Join California Citrus Mutual for the 24th Annual Citrus Showcase at the Visalia Convention Center.
The election of President Trump in November took the Country and World by surprise. For California agriculture, the Trump Administration brings the promise of a more balanced regulatory climate in Washington, D.C., hope for a federal solution to the poor water policies that have driven too many valuable citrus acres out of production, and a new approach to trade and foreign policy.
In an article by the Western Farm Press last October, Clinton and Trump responded to questions about their policies respective to agriculture. Trade, of course, was one question that, unfortunately, received a curt response from both candidates. The question, specifically, was “How would you protect agricultural trade while renegotiating trade deals?”.
Trump adamantly opposed the largest prospective trade deal in recent history – the Trans-Pacific Partnership despite its clear and measurable benefit for California citrus growers. Conversely, his protectionist trade policy could be helpful when it comes to the implementation of the Argentine lemon rule. In any case, the Trump Administration will mean changes of some degree to the United States’ foreign trade policy.
There will inevitably be an impact on the California citrus industry, although the extent of which cannot be known today . Hopefully, it will be a little clearer by March 2nd when California Citrus Mutual hosts the 24th Annual Citrus Showcase at the Visalia Convention Center.
The highly anticipated Citrus Showcase luncheon program will feature a panel of key marketers from within the citrus industry who will offer their insight as to how the changing dynamics of trade deals under a new Administration could benefit the California citrus industry. The principles of four of the largest citrus marketers – Berne H Evans III of SunPacific, Jim Marderosian of BeeSweet Citrus, David Krause of Wonderful Citrus, and Sunkist CEO Russ Hanlin – will join CCM President Joel Nelsen on stage for an insightful dialogue about the opportunities, challenges advantages, and disadvantages for California citrus in today and tomorrow’s fresh produce market.
Aside from the political roller coaster that is Washington, D.C. post-election, growers will be affected by several new regulations that will become effective in 2017. Preventing the spread of invasive pests and disease, customer imposed quality standards that go well beyond food safety, and water quality mandates are major challenges that will impact the marketing of California citrus and grower returns in a global citrus market.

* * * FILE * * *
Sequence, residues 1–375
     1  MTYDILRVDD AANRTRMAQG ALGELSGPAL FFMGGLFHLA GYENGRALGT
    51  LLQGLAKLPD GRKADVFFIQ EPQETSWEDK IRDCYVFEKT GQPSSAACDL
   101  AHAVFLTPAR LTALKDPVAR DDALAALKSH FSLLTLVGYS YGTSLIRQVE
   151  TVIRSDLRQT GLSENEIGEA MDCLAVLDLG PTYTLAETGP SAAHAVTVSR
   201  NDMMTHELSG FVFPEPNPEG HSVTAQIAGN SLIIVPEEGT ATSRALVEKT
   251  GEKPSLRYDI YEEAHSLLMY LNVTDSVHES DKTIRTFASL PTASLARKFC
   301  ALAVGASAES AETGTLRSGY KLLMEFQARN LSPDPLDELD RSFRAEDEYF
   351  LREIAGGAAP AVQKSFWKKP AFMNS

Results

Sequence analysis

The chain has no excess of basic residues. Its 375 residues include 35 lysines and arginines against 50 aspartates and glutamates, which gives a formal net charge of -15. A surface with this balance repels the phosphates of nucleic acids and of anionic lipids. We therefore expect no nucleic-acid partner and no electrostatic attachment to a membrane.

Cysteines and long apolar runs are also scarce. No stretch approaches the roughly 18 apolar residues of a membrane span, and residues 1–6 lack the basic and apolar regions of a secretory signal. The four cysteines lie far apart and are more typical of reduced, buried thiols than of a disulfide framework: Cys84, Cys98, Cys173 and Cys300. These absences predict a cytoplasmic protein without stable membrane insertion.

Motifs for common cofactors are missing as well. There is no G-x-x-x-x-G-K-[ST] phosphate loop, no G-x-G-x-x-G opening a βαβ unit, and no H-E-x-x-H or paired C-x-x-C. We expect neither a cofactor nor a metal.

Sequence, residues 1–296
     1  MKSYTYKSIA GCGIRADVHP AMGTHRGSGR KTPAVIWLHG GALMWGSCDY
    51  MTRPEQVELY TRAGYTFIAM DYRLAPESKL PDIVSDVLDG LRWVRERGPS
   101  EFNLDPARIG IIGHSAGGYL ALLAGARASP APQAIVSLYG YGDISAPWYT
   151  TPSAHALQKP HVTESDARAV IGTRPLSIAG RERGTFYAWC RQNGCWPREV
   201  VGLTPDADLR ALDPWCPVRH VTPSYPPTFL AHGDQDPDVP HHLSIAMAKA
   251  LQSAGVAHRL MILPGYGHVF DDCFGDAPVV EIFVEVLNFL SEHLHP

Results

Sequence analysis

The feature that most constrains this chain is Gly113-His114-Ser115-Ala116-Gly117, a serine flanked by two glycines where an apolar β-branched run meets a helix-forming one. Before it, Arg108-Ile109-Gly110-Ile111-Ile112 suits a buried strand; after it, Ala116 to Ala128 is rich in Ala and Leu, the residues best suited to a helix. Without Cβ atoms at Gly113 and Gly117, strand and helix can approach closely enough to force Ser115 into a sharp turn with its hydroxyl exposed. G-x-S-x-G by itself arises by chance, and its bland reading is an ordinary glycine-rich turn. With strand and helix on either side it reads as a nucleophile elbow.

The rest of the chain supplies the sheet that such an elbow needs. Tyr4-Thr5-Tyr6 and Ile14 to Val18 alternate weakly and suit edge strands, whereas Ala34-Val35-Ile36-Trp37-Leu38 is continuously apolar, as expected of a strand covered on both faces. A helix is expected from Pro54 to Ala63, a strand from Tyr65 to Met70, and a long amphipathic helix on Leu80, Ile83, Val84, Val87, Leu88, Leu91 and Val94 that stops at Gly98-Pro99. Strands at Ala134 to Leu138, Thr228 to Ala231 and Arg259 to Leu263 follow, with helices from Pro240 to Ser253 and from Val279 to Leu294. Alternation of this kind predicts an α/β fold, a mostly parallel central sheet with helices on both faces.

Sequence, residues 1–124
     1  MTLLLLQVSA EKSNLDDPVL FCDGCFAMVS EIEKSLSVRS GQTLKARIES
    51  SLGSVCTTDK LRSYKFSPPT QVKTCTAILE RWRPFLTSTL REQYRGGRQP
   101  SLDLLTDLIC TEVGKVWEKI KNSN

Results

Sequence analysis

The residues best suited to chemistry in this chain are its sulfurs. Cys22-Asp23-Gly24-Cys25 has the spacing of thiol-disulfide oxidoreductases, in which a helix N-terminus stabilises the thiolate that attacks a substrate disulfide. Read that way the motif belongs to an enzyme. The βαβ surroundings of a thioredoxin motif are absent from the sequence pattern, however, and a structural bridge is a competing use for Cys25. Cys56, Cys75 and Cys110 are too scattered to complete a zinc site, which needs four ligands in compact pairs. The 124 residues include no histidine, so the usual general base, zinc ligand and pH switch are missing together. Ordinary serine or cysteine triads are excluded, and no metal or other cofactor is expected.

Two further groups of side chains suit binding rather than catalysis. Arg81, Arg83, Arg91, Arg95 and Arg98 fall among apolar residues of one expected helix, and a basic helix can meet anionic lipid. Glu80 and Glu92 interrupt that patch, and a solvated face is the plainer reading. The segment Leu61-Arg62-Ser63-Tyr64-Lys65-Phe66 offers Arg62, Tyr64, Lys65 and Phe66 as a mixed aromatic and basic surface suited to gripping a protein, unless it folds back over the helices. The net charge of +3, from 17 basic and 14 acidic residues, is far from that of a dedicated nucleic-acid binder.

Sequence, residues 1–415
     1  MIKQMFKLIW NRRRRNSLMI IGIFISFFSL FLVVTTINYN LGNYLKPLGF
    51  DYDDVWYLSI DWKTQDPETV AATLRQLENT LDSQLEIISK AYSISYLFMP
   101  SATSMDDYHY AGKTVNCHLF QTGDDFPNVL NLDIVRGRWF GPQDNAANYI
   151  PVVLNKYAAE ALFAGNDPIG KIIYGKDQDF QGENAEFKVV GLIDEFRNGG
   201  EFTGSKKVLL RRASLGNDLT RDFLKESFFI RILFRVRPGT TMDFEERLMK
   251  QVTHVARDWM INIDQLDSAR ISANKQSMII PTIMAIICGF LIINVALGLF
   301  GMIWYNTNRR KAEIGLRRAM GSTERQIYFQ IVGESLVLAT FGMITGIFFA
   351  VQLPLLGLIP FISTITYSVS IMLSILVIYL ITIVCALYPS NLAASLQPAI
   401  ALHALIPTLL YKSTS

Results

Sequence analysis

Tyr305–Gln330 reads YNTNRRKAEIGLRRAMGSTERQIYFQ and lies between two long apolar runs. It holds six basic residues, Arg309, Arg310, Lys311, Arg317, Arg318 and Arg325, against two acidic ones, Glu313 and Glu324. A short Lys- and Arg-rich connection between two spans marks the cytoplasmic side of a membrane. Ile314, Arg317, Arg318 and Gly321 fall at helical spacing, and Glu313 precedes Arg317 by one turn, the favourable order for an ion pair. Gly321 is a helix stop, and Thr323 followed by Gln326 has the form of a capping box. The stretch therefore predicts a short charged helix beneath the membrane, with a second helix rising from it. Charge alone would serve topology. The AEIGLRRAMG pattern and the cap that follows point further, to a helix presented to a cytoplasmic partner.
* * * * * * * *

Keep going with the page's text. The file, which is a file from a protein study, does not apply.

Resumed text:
For over a decade, California Citrus Mutual and other stakeholders have worked with the Regional Water Quality Control Board to create a mutually acceptable plan to address nitrates in groundwater and improve water quality long-term. Recent actions by the State Board, however, could mean substantial changes to the Irrigated Lands Regulatory Program (ILRP). The extent of these changes will be the focus of the morning workshop at the Showcase.
The Asian citrus psyllid and Huanglongbing is one of, if not the most, serious issue growers are faced with. I venture to predict the majority of this publication is focused on the ongoing research being done to identify a solution. The expectation is that by March the industry will be on a path toward stricter enforcement and tighter regulations that will help stop the spread of the Asian citrus psyllid and Huanglongbing.
This final workshop will be a progress report on the new regulation and an evaluation of the return on the investment of the Citrus Pest and Disease Prevention Program.
Is the program achieving the objective? From where I sit now in time, the answer is yes, the return has been worth the investment. Will this statement be true in January? In March?
Panelists from the Citrus Pest and Disease Prevention Program and CDFA will review the post-harvest requirements for moving loads between quarantine regions and evaluate the effectiveness of the new enforcement program.
At the end of the workshop, growers will be able to answer for themselves if the return is worthy of the $15 million annual investment. Panelists include Nick Hill, Chair of the Citrus Pest and Disease Prevention Program; Victoria Hornbaker, Manager for the Citrus Pest and Disease Prevention Program for the California Department of Food and Agriculture, Kern County Agriculture Commissioner Ruben Arroyo, and Spencer Walse, Research Chemists for the USDA Agriculture Research Service.
The theme of this year’s Citrus Showcase is “Bringing the citrus industry together”. A united industry will overcome the challenges ahead. It is CCM’s mission to be the unifying body and a leader against oppressive regulations that reduce growers’ bottom lines.
2017 is a year of “new.” A new Administration, new regulations, new challenges, and hopefully new opportunities. We’ll dig into all these issues at the Citrus Showcase on March 2nd with what I promise will be an educational experience growers cannot afford to miss.
In addition to informative workshops on key issues affecting the citrus industry, the Citrus Showcase boasts a trade show of over 100 exhibitors.
Doors open at 7:30 a.m. and the first workshop begins at 8:00 a.m. There is no cost to attend the Showcase. Lunch tickets can be purchased for $30 per person by contacting California Citrus Mutual at (559) 592-3790. Reserved tables of 8 and 10 are available.
The Citrus Showcase is brought to you by California Citrus Mutual with support from: 2,4-D Task Force, Accu-Label, BASF, Crop Science a Division of Bayer, Dow AgroSciences, Duarte Trees & Vines, Farm Credit, Fruit Grower’s Supply, JKB Energy, Sinclair, Syngenta, and Valent.